It starts off simply enough; you innocently decide one day to start a family and sometime later you spend a few days in the hospital. When you leave, you have a wrinkled, helpless infant in tow and your life is changed in ways you can’t grasp, describe, or really even fathom.
And that’s just the beginning.
For reasons known only on a primal, conceptual level, you repeat the process until you’ve populated your home with as many rugrats as you can handle without a trip to Happy Acres Psychological Wellness Center.
And then they start to grow up.
You think the growing up is going to take forever. The minimum commitment, eighteen long years, seems a ridiculous amount of time. It’s so long that you don’t even have a frame of reference for it except for your own childhood and maybe an aging car that your grandfather started driving before you could form words.
And then you blink.
You wake up groggily one morning, closer to forty than you were to the drinking age when they handed you a driver’s license; closer to your retirement party than to the day some know-it-all kid with a face you barely remember (or recognize) was handed a Bachelor’s Degree with your name on it. You shower and shave, and go through the morning motions before walking the bulk of your family to the bus stop.
You watch with awe as your oldest steps up onto the bus without even a slight turn back. A seven year-old second-grader, he’s but a year removed from the third grade, which has always been the high-water mark in your head between a young kid and kid starting to find his own way. You suspect that’s because you learned to multiply in the third grade, and that’s officially the start of Serious Shit educationally, but a quiet, conspiratorial voice (you mostly hate) whispers that the kid on that bus is starting to find his own way already. Possibly just to spite you.
Your six-year boards next, asking his older, wiser, brother how far back on the bus he should sit. He’s a first grader now, a bona-fide real student, not like those part-time children whose grade is just a letter and have to sit in the seats with the butterfly-stickers near the front, by the driver. That fact that he gets to eat lunch at school, responsible for himself and his own tray, is the highlight of his day.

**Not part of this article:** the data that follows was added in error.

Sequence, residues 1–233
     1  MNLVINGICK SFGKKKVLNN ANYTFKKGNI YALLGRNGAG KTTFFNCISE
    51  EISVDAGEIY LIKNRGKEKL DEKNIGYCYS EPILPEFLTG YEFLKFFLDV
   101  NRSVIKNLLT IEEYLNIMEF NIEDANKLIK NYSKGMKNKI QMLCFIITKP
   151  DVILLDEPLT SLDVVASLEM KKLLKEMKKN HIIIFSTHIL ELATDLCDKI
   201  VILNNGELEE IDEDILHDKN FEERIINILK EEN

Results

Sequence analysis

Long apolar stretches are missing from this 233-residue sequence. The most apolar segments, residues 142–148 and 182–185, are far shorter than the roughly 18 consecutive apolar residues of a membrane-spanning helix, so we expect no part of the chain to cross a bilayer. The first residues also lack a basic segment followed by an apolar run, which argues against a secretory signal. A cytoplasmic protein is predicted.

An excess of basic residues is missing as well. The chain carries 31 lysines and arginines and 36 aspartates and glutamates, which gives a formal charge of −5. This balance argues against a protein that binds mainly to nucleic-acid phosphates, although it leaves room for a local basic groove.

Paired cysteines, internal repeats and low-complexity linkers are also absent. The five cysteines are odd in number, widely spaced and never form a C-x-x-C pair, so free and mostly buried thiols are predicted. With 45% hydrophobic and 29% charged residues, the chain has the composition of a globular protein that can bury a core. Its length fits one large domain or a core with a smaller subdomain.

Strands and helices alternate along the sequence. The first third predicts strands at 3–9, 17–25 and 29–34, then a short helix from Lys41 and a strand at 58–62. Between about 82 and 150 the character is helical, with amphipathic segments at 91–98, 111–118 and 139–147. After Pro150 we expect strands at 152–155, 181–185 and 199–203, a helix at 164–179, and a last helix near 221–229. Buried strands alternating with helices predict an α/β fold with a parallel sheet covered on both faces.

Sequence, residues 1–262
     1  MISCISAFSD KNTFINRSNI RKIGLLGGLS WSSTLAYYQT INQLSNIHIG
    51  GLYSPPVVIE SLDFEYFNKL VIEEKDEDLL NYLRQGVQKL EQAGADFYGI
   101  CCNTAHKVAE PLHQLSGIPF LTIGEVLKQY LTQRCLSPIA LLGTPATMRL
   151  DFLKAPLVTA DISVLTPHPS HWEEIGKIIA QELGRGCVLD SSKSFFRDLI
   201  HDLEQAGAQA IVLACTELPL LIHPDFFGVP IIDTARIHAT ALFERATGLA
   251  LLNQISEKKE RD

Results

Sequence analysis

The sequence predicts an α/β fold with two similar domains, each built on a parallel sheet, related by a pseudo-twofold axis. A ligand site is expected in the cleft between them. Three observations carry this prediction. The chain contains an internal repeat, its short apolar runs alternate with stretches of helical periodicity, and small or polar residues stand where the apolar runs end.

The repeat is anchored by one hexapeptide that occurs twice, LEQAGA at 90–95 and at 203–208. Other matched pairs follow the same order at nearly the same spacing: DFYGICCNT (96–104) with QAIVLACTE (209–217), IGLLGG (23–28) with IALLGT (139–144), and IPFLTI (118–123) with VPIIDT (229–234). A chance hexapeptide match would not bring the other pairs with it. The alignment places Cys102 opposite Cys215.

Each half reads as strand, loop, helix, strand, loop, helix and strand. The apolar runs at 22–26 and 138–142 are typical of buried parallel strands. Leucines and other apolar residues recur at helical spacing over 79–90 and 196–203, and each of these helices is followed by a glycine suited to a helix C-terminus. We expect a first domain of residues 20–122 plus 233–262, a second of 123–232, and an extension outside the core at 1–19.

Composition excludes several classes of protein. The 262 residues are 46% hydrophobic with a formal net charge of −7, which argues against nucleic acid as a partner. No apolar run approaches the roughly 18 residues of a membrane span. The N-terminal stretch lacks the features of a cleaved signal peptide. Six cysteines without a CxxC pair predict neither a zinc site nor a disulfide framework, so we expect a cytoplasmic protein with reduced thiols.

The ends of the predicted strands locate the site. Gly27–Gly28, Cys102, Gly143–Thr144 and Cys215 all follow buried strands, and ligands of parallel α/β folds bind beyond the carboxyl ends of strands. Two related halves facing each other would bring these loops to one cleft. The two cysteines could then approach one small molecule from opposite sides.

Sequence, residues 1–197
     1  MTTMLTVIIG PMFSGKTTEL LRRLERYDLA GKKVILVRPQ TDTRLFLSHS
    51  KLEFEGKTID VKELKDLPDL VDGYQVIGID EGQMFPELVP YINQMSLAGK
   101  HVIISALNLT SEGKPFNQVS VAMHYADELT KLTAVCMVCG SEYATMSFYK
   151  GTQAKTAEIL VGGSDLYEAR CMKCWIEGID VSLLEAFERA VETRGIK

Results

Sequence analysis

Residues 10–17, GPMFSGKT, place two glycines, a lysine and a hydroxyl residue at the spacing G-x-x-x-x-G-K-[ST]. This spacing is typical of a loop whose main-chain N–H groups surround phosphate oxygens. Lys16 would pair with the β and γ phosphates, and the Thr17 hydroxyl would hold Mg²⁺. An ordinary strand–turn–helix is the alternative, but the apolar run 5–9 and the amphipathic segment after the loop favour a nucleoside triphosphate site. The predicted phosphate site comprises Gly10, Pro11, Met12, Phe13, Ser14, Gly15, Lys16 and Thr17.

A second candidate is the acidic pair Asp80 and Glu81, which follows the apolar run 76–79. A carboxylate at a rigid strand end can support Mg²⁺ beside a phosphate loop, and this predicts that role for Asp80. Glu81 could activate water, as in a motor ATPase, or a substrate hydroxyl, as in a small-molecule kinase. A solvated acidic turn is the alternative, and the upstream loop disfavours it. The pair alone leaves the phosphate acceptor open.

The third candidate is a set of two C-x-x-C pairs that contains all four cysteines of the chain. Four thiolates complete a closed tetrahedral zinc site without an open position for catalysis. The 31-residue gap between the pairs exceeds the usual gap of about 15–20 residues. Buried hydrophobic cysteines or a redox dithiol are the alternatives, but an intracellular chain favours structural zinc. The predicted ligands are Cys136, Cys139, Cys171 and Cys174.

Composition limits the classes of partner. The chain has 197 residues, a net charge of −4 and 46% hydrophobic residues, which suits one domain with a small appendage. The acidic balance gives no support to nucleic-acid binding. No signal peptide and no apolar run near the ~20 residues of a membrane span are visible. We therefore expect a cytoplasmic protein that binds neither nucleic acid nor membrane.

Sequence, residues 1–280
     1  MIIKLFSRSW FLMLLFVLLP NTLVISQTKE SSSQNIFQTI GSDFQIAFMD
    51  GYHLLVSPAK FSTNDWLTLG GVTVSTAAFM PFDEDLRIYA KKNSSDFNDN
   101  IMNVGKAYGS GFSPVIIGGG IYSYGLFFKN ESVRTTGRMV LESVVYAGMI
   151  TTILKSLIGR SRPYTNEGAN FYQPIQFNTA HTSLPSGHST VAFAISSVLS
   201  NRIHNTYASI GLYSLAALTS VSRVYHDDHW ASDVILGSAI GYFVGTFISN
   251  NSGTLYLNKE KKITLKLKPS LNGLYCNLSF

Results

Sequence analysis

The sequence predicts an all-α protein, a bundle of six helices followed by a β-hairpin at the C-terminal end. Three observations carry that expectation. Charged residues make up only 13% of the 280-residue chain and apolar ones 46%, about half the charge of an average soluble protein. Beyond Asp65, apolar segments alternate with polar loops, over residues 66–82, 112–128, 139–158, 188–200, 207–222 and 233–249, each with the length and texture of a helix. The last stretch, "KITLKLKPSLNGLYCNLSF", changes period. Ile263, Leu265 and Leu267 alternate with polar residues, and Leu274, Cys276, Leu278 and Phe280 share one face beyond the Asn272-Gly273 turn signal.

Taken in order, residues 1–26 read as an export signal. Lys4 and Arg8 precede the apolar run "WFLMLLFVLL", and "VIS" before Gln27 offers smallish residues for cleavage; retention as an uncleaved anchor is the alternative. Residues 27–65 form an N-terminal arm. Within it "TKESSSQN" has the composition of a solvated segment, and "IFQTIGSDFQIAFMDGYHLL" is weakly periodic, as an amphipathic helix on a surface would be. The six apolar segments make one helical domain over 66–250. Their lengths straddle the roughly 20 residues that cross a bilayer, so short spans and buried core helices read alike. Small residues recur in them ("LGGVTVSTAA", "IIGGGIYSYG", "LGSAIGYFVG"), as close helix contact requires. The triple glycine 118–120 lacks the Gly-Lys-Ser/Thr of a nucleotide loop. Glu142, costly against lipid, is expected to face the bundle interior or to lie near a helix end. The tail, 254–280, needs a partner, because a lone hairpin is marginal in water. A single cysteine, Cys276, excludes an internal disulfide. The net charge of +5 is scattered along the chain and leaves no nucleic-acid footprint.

And then your five-year old daughter, your little nut-meg, who often forgets to take a breath when telling a story and is never at a loss for words, sneaks out of the bus line to steal one last hug from her Daddy before she takes her new pink backpack and her shiny new butterfly earrings (which match the school bus seat stickers!) out into the greater world without you. You think she’s going to be tearful, or at least somewhat hesitant to take that step without holding your hand.
It turns out that the only one tearful is you, and that you’re much more hesitant about her taking steps.
The bus fades away into the distance, and you shuffle back to the house with a camera full of pictures you aren’t sure you want to see just yet. And the house feels empty because there’s no one in it now but your wife and the only child not yet in school, a 23 month-old firecracker that’s happy to reply “Bear” when you ask him for his name.
You realize that the last time your house was this empty, you had barely taken but a couple of uncertain steps down the path to understanding what all of this would mean to your life. Then there was a blink of an eye, and now you finally see that the path isn’t half as long as you thought, and although you’re not even halfway there, the end is already rushing (much too fast) to meet you.
It’s a lot to process at 8 AM on a pleasant mid-August morning.
And it’s a lot to be proud of too.